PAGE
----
Uganda: Why Museveni ban on ‘disorderly’ law may not stop police arrests

Idle and disorderly. Police arrest men presumed idle and disorderly during a crackdown in Kapchorwa District in 2017. President Museveni on Tuesday ordered police to stop arresting people on idle and disorderly law. FILE PHOTO

By ANDREW BAGALA

President Museveni on Tuesday ordered police to stop arresting people over the idle and disorderly law.
However, legal experts say there are several other provisions in the Penal Code Act that police are using to detain people on similar offences.

Dr Adrian Jjuuko, the executive director of Human Rights, Awareness and Promotion Forum, said the presidential directive is a step in the right direction, but there are more than seven offences in the Penal Code Act that are in the same family like the idle and disorderly law that need to be repealed.

“We want to go to different government agencies such as the Director of Public Prosecutions and Attorney General to work on a range of all these laws,” Dr Jjuuko said yesterday.

In the directive, the President also asked the Attorney General to start the process of repealing the law on being idle and disorderly.
Dr Jjuuko said the President meant repealing all laws in the same family.
In 2009, police officers started using the Rogue and Vagabond law under Section 168 of the Penal Code Act after President Museveni asked them to stop arresting people under the idle and disorderly law.
The two laws apply to similar category of offenders.

Other laws
Dr Livingstone Sewanyana, the executive director of Foundation for Human Rights Initiative, said laws like one of being a rogue and vagabond, which are not in conformity with the democratic society should also be repealed.

The law on idle and disorderly under Section 167 of the Penal Code Act, which President Museveni wants repealed, targets prostitutes, beggars, those involved in gambling games, persons likely to breach peace and those, who wander around pretending to have physical deformities in order to solicit food and money from the public.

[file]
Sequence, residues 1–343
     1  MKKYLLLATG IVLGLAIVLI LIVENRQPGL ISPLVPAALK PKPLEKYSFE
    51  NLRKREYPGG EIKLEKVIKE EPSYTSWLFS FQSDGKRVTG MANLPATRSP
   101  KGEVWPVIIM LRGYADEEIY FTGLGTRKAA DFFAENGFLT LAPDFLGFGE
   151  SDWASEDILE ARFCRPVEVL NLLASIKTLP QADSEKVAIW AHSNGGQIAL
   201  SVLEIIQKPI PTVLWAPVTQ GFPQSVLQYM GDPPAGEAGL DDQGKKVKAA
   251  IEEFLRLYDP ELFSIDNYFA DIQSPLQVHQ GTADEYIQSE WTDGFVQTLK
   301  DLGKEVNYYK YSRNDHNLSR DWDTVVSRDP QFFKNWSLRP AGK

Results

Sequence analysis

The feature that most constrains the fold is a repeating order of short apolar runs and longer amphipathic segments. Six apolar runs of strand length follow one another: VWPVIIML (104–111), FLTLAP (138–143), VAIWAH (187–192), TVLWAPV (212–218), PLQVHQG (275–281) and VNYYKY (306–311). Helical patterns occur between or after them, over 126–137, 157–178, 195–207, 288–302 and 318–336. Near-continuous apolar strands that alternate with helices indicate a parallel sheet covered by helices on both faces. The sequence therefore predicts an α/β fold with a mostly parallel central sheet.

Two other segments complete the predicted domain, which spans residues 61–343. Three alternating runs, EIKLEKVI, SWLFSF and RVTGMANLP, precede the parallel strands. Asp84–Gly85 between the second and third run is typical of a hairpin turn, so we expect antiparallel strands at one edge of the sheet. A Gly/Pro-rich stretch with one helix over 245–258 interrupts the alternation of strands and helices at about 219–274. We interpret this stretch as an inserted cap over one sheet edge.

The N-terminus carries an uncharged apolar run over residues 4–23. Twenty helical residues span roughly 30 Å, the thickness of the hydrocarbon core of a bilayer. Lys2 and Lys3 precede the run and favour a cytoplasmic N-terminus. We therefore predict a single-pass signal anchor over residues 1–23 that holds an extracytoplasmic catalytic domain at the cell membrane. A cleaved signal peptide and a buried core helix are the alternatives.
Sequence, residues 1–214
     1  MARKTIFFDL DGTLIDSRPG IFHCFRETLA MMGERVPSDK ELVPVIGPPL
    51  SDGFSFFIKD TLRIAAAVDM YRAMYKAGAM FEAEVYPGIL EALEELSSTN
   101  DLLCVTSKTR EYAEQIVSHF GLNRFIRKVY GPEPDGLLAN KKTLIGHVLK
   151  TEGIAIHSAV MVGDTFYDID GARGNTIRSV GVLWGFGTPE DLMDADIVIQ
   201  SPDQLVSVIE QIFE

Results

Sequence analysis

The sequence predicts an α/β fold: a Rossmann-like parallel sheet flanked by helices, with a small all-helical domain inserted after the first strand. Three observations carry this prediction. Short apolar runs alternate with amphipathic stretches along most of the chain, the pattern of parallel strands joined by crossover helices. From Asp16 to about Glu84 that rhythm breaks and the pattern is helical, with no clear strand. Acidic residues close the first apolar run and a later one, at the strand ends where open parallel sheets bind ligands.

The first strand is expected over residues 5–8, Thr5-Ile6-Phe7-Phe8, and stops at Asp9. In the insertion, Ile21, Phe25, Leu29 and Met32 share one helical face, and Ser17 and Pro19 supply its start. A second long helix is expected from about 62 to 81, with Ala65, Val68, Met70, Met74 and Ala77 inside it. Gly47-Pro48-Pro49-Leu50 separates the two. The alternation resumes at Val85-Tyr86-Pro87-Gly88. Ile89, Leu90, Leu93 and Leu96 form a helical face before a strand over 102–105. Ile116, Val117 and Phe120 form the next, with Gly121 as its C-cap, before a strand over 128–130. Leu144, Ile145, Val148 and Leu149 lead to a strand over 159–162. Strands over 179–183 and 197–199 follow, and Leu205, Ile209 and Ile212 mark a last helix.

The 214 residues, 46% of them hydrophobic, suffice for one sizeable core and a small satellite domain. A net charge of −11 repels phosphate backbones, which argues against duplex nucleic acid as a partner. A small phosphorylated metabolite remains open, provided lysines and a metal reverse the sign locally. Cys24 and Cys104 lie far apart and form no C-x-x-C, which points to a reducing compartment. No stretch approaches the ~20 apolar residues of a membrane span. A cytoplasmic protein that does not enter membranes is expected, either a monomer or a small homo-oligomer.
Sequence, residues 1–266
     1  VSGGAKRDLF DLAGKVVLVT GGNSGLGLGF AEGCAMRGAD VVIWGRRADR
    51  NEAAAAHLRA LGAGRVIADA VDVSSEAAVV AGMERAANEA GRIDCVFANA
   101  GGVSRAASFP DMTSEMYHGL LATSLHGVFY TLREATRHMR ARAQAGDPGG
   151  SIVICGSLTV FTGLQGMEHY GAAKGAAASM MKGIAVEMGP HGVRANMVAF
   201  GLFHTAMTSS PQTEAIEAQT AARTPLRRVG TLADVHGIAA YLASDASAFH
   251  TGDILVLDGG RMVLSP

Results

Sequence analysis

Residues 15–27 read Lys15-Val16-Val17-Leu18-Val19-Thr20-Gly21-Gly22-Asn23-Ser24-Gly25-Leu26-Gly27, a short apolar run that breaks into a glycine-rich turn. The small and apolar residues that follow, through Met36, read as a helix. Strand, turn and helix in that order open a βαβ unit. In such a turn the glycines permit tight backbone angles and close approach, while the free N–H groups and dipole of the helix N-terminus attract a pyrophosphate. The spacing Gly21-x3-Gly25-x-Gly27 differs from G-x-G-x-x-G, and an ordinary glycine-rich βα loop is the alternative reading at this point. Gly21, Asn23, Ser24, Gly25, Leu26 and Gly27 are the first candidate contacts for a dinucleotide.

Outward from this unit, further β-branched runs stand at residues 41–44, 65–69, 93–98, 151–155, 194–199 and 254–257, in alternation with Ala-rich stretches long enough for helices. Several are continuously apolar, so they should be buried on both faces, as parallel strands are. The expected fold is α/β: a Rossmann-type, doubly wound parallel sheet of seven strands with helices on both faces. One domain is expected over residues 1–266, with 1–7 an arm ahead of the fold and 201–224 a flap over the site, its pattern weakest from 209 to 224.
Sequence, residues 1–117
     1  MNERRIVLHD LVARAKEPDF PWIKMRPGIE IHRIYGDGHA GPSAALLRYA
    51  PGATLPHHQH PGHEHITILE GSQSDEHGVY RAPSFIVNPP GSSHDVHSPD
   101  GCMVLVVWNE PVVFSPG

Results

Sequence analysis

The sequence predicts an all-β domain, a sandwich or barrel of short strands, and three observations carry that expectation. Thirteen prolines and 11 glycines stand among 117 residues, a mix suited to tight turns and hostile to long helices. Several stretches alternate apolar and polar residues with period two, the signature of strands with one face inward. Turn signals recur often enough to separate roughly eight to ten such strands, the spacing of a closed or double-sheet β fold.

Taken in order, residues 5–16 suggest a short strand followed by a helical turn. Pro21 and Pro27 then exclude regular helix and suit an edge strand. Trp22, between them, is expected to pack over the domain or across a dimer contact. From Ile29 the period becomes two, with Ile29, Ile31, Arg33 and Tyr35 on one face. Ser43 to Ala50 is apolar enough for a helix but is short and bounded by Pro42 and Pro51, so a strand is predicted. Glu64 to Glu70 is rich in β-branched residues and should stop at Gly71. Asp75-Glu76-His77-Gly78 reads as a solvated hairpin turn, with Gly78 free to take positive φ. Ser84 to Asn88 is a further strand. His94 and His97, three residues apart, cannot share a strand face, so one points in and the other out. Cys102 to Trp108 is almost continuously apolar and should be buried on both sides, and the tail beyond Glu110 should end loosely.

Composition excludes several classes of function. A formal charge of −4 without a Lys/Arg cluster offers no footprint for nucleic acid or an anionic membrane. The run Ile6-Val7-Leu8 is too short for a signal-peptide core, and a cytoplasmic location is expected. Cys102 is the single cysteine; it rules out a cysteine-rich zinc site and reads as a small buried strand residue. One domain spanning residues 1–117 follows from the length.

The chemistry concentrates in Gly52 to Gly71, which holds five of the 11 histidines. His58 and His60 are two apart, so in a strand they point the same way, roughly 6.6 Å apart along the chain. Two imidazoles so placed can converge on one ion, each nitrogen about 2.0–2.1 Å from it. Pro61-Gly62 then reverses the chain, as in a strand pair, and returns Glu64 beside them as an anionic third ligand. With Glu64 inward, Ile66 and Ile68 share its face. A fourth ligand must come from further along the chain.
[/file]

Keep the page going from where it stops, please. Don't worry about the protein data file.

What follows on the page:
The law attracts a seven-year sentence on conviction for prostitutes, those, who publicly engage in indecent acts and those who loiter for immoral purposes. The other categories attract a three-month sentence or a Shs3,000 fine or both on conviction.

Until 2009, police were also using the idle and disorderly law to target suspected protesters, participants in illegal assemblies and those who take the President’s photographs without permission.
In January 2006, Mr Deus Tubemanzi was charged with being idle and disorderly when he took a photograph of President Museveni during a campaign rally in Kabale District. He was sentenced to a month in jail after pleading guilty. However, the sentence was quashed after the High Court reviewed the law.

“Merely taking a photograph of the President without permission does not constitute an offence under section 167 (d) of the Penal Code Act (Cap. 120),” Judge Edmund Sempa Lugayizi ruled in the revisional order in 2006.
In 2009, when President Museveni directed the police to stop arresting people using the idle and disorderly law, police turned to the law of Rogue and Vagabond under Section 168 of the Penal Code Act, which also targets the same people, such as beggars, people who have no visible means of subsistence and cannot give a good account of themselves.